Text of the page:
Automobile factories are often impressive, be it for their sheer size or the complex manufacturing processes happening inside them. But few become true architectural landmarks, and possibly none is more iconic than Fiat's Lingotto in Turin, whose defining feature is a rooftop test track that's been sparking people's imagination for decades.
The Lingotto owes its name to the small group of farmhouses that existed on the plot of land purchased by Fiat in what then were the outskirts of Turin.
Room to grow
The decision to build a large new factory complex was taken in 1915 to give Fiat much-needed breathing room: its headcount had risen from 120 employees in 1900 to over 9400, way more than its original facilities could handle with any degree of efficiency.
Designed by the engineer Giacomo Matté Trucco, the Lingotto was deliberately inspired by Ford's Highland Park plant, and Fiat's not-so-secret aim to streamline production the same way is visually evident in the five-story, over five hundred meters long structure.
With a surface area of around 150.000 square meters, the Lingotto was among the first structures in Italy to be made entirely from reinforced concrete, with thick, strong support columns placed every six meters.
A test track in the sky
The rooftop test track's total length is about 1.5 Km, with the two straightaways connected by two spectacular banked curves designed for speeds of up to 90 Km/h: more than enough for the 1920s, when most cars struggled to go past 70.
That busts what perhaps is the most common misconception about the Lingotto's rooftop track: it was never built for speed, but merely to serve as the logical conclusion of a vehicle's assembly process, allowing up to fifty cars at a time to be tested for possible malfunctions.
The rooftop test track has recently become a public garden, accessible from one of the two spectacular helicoidal ramps that were added in 1926 to ease vehicle access.
You can walk and even jog on the track, but you're not allowed to crawl towards the top of each banked curve, as security personnel will remind you as soon as you step out of line. You sure can imagine how I found out...
A flawed masterpiece
Since its inauguration in May of 1923, the Lingotto attracted high-profile visits, including the legendary architect Le Corbusier, who cemented the Lingotto's position in the history of architecture by mentioning it in his seminal "Toward an Architecture" book from 1923.
But the Lingotto was soon to prove less than ideal for high-volume production: the multi-story structure meant the heavier machinery had to stay on the lower levels for structural reasons, and the presence of support columns every six meters was also a constraint.
This more or less capped the Lingotto's output to around 300 vehicles per day by the 1930s, leading Fiat to start designing the new, sprawling Mirafiori complex less than ten years after the Lingotto's completion.
Although the Lingotto is a 1920s building, large parts of the structure we see today actually is a faithful late 1940s reconstruction, for reasons that are quite obvious once you remember what happened between 1939 and 1945.
Being one of Italy's largest industrial sites made the Lingotto a prime target for Allied bombing raids between 1940 and 1944, and although it wasn't completely obliterated, the amount of damage was extensive.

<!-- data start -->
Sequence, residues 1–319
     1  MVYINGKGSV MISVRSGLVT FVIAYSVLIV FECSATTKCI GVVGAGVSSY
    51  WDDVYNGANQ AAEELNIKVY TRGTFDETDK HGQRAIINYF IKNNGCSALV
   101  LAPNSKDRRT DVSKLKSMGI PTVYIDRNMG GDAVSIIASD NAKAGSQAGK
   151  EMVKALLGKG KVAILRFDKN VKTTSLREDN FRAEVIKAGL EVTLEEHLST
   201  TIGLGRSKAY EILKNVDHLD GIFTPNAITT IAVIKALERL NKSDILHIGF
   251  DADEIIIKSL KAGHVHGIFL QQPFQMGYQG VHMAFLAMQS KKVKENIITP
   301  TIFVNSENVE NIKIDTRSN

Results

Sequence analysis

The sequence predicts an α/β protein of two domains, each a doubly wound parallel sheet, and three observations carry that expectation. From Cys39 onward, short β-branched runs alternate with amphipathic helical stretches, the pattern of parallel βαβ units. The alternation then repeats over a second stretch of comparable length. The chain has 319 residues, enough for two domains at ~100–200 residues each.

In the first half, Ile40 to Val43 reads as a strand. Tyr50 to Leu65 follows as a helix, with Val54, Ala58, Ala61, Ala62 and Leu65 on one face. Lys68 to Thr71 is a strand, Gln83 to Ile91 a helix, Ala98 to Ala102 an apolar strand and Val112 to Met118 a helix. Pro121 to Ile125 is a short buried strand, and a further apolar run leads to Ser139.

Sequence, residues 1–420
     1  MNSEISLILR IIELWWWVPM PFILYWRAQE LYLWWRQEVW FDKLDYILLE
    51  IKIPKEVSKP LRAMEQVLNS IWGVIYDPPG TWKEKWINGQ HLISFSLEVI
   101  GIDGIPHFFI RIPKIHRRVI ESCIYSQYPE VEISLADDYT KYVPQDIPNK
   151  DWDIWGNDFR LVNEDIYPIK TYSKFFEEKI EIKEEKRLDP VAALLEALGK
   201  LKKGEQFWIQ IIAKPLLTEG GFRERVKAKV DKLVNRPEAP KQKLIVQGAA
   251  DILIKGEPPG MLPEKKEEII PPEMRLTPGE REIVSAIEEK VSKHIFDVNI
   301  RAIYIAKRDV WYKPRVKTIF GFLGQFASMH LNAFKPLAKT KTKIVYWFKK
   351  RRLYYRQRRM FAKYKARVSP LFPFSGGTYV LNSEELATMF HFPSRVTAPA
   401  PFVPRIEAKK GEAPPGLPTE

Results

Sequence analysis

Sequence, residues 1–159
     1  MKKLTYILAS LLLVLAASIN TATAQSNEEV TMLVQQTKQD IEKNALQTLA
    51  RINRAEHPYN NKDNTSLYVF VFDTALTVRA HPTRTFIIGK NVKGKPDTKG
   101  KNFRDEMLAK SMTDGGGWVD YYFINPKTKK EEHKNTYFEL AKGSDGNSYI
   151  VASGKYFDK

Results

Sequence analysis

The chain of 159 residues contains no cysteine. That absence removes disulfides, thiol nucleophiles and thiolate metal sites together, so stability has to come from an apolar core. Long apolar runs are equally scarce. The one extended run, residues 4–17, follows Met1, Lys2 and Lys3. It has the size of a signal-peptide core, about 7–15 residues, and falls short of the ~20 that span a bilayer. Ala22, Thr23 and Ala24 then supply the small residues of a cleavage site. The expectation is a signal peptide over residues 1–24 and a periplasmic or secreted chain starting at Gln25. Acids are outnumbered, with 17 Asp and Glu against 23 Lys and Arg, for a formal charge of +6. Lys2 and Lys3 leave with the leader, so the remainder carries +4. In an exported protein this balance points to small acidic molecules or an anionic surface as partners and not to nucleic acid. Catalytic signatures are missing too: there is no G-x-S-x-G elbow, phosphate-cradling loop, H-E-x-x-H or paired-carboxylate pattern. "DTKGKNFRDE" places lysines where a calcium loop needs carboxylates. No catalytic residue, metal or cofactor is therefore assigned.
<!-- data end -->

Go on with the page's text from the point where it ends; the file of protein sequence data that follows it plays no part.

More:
The post-war boom
The Lingotto may have been outdated and inefficient, but with the demand for automobiles exploding during Italy's mid-century economic renaissance, Fiat needed all the capacity it could muster.
Initially relegated to the production of domestic appliances like fridges and washing machines, the old Lingotto started churning out new cars again from the mid-50s, focusing on slightly lower-volume models that required more skilled labor.
Over time, the Lingotto produced some of the most beloved Fiat models, from the 1100 family sedan to the 124 Spider and the X1/9.
However, the last model ever to roll off the Lingotto's production lines wasn't a Fiat but a Lancia: the Delta hatchback was assembled there from its launch in 1979 until the factory's definitive closure in 1982.
A new lease of life
By then, this symbolic building had become such an integral part of Turin's urban fabric that demolition wasn't an option.
So, in a rare display of cultural sensitivity and foresight, Fiat's management decided to hold an international competition for projects to repurpose the massive structure, won by Renzo Piano.
The process took several years, but now the Lingotto hosts, to name a few: an auditorium with a capacity of 1900 spectators, a large exhibition venue and congress center, office spaces, a suitably posh hotel, an art museum, a multiplex cinema, and the inevitable shopping mall.
Between 1984 and 2000, the Lingotto served as the biennial Turin Motor Show venue.
Those who visit the rooftop test track can also see the so-called "Casa 500," a sort of museum dedicated to a Fiat model that, somewhat ironically, was never manufactured at the Lingotto.
Nevertheless, it's well worth a few minutes of your time because of the solid mahogany piece of industrial art on display inside: the "master" model that served as the reference for the 500's production tooling.
It can indeed be said that all the Fiat 500s made between 1965 and 1975 are, geometrically, a copy of this exquisitely modeled wooden sculpture.
Over time, Fiat gradually divested itself from the Lingotto, retaining just the office building built in 1926 to serve as the company's headquarters.
However, Fiat's current parent company Stellantis sold the historic building in February 2022 to Reply, an Italian company specializing in digital services.